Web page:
Writing Hello world Node.js Program :

A Node.js application involves following 3 steps :

  • Import required modules − We use the require directive to load Node.js modules.
  • Create server − A server which will listen to client’s requests similar to Apache HTTP Server.
  • Read request and return response − The server created in an earlier step will read the HTTP request made by the client which can be a browser or a console and return the response.

Let’s go through this steps by an example :

Create a server.js: javascript file with following code

/*server.js*/
const http = require('http');
const hostname = '127.0.0.1';
const port = 3000;
const server = http.createServer(function(req, res) {
  res.statusCode = 200;
  res.setHeader('Content-Type', 'text/plain');
  res.end('Hello World\n');
});
server.listen(port, hostname, function() {
  console.log('Server running at http://'+ hostname + ':' + port + '/');
});

As we need http to create an http server we use require('http') and pass it to a variable named http

  1. This is how we import required modules :
var http = require('http');

We also need to defined hostname and port number, here we use localHosti.e 127.0.0.1 and port number 3000(it can vary based on your preferences) and assign this to the variables hostname and port, respectively.

var hostname = '127.0.0.1';
var port = 3000;

2. Creating Http Server :

Next we create the http server using the createServer method.

var server = http.createServer(function(req, res){
    res.statusCode = 200;
    res.setHeader('Content-Type', 'text/plain');
    res.end('Hello World\n');
});

This created the server as well as a response having statusCode: 200Content-Type header of plain text and and ends with the string Hello World. This is the response that the server can send to browser.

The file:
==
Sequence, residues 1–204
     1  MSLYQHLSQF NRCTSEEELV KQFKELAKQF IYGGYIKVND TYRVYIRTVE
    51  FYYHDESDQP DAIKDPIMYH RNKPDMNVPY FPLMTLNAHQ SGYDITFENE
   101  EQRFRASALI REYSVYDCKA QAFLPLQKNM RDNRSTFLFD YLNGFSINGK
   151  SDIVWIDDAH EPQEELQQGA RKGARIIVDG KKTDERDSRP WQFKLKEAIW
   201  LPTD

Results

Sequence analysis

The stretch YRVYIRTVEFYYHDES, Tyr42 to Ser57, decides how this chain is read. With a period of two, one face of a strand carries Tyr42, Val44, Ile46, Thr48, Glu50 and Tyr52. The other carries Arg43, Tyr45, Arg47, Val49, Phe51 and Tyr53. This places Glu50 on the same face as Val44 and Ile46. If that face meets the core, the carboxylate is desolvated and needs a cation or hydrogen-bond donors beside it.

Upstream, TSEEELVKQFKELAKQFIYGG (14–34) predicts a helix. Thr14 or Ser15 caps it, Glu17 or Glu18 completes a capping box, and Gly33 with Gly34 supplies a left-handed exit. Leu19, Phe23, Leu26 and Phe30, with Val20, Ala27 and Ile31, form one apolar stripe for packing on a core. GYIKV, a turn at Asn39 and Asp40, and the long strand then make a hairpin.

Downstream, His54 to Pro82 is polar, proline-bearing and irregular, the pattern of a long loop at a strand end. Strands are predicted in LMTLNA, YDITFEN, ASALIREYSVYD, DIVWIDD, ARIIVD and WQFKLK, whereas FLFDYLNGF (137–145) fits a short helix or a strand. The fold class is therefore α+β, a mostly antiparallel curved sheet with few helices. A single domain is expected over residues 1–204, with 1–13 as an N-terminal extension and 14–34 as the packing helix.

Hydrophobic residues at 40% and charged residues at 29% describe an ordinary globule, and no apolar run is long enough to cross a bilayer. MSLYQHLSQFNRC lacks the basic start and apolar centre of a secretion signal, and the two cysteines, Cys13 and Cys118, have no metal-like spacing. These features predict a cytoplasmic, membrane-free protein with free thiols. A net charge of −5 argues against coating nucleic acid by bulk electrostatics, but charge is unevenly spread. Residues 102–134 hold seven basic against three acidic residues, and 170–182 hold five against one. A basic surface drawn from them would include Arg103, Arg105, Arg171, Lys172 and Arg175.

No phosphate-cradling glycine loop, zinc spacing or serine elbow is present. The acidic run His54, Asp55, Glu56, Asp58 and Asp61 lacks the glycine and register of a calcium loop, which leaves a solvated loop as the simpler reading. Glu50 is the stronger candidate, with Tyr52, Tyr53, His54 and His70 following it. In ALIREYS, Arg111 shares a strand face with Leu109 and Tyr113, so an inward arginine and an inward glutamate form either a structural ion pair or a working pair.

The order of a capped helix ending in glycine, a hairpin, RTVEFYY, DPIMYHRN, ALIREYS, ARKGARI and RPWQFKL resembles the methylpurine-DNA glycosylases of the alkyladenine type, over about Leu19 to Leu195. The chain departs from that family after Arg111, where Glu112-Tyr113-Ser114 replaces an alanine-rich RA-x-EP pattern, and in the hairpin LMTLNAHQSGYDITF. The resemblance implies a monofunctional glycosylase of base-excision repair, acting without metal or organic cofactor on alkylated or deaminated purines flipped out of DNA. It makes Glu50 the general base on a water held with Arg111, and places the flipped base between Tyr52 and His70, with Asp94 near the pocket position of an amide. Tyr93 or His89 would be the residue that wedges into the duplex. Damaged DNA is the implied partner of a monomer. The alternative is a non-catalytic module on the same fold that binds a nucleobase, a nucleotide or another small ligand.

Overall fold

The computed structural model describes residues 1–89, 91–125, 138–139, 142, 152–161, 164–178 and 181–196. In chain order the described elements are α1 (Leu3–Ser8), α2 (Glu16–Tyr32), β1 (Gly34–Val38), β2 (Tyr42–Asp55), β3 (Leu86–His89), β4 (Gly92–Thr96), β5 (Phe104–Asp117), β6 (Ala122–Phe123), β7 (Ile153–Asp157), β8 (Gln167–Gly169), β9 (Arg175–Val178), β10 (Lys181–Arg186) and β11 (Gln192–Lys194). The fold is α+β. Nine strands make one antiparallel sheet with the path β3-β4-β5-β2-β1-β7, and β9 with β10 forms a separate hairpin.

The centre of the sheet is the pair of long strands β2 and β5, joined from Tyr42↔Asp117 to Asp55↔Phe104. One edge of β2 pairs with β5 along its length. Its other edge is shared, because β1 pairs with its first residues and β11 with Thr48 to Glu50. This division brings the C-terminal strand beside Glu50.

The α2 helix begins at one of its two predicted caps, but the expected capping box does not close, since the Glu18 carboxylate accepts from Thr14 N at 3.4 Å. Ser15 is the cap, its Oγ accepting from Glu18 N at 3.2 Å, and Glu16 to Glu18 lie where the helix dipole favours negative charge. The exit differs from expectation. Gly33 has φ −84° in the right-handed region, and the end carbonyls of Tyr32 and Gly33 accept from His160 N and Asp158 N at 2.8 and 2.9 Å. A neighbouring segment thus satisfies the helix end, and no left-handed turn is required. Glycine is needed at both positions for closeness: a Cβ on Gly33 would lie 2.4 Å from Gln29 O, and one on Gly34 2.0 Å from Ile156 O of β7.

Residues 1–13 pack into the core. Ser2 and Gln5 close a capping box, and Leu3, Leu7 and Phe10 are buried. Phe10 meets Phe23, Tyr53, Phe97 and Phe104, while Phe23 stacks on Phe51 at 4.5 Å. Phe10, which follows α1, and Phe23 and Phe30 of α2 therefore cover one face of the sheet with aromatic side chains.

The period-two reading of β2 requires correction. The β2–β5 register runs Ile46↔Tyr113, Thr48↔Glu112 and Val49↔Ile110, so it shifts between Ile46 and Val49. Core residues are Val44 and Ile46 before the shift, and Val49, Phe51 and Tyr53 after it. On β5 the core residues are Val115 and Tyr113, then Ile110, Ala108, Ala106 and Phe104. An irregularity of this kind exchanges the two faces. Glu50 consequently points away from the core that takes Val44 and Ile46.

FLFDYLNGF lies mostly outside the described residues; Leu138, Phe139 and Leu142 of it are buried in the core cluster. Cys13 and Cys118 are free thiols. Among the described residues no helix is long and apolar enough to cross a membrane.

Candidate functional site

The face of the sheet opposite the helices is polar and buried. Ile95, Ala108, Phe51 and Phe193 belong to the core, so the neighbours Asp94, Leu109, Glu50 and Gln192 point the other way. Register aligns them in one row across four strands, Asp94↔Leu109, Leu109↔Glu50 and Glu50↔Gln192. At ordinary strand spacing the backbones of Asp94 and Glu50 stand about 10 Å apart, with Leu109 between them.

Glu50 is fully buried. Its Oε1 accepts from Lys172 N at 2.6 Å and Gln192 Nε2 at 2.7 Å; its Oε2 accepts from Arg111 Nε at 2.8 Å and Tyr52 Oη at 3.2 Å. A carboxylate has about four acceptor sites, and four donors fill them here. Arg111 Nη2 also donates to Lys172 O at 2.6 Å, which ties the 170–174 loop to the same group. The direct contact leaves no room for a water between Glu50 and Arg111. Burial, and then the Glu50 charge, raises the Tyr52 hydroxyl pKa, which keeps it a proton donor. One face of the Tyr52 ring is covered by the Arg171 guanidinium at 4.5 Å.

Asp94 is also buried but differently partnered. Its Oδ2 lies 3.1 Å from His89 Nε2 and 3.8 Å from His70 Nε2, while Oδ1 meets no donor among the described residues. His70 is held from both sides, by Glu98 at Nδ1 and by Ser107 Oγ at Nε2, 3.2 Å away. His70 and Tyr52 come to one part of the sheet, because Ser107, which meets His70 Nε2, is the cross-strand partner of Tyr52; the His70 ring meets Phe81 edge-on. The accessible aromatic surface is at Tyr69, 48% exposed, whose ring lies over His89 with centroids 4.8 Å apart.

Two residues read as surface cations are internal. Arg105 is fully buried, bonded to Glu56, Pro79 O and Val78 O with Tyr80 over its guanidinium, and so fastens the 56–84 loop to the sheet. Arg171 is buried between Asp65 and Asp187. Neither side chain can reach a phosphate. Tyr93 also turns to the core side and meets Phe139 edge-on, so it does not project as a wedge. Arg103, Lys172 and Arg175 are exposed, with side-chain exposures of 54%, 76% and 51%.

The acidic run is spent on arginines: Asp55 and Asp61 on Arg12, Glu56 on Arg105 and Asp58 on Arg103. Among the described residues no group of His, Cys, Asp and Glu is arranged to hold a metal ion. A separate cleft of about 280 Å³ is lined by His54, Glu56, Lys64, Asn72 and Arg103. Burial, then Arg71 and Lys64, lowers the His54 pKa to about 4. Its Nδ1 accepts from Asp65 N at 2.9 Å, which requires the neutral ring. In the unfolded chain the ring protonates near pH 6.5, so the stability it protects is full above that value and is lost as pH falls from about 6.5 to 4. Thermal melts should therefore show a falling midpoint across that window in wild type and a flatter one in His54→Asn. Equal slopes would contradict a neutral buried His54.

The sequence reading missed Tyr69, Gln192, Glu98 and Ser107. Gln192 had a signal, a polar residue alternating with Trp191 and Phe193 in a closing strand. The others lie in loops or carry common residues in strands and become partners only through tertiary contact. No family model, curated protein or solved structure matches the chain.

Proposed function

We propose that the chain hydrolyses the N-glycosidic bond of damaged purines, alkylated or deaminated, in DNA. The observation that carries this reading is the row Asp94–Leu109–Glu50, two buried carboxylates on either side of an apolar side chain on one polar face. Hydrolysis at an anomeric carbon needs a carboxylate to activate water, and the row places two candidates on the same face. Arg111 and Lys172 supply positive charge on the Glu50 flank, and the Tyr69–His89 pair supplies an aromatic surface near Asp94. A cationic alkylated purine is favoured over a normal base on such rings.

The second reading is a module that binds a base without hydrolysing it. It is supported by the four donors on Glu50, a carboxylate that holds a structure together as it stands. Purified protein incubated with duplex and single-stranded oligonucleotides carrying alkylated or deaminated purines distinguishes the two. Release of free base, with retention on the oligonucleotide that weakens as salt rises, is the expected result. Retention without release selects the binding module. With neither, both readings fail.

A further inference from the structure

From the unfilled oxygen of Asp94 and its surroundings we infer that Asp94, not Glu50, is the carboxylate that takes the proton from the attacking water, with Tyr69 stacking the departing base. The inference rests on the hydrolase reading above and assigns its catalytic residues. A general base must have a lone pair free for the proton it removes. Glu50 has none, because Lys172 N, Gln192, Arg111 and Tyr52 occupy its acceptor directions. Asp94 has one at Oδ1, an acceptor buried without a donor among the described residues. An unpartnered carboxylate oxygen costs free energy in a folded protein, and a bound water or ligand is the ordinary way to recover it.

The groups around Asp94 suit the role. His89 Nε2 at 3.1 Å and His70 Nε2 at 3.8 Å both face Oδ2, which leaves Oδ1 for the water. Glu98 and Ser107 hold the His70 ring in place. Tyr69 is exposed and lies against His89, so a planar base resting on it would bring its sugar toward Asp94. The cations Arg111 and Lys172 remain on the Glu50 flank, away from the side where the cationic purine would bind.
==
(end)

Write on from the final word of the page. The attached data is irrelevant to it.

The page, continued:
the function has two parameters req and res which is the request from and response to the server, respectively.

3. Read request and return response

As we created the server above , now it’s time to assign it a hostname and port number.

server.listen(port, hostname, function() {
  console.log('Server running at http://'+ hostname + ':' + port + '/');
});

Here, the server listens to localhost on port 3000 and prints “Server running at http://127.0.0.1:3000/ “ in command prompt.

Now Run server.js file using command shown below

> node server

Type url http://127.0.0.1:3000/ in the browser, to display Hello World string as shown on the screen below :

                                                           Img 1
                                                       Img 2

As always after some code basics let me give some facts of Node.js to help you understand why Node.js becoming so popular among corporates and developer community and why you should think about getting into it.

Node.js Facts by New Relic :

Compiled by New Relic

What’s Next :

We covered the basic of getting started with Node.js for novice programmers who are looking to venture into Node.js programming. In our next in the series we will dive deep into Node.js covering a comprehensive project to grab the concept practically.

References : worth reading

  1. https://www.w3schools.com/nodejs/
  2. https://www.tutorialspoint.com/nodejs/nodejs_first_application.htm
  3. https://nodejs.org/en/get-involved/
  4. https://nodeschool.io/
  5. https://www.javatpoint.com/nodejs-first-example

#ChandrayanLogy :

Software engineers have even greater responsibility to serve the humanity at large. We can’t code it wrong and with wrong intent, we need to write it clean and with a purpose to shape the future of the current and upcoming generations. So use every tools available to build a tool for the future.

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Pramod Chandrayan

Founder & CEO (Mobibit Soft (P) Ltd) | Mobile App Development Consultant | Startup Mentor | Spiritual Seeker

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One Thought to “Getting Started With Node.js : A Beginners Guide”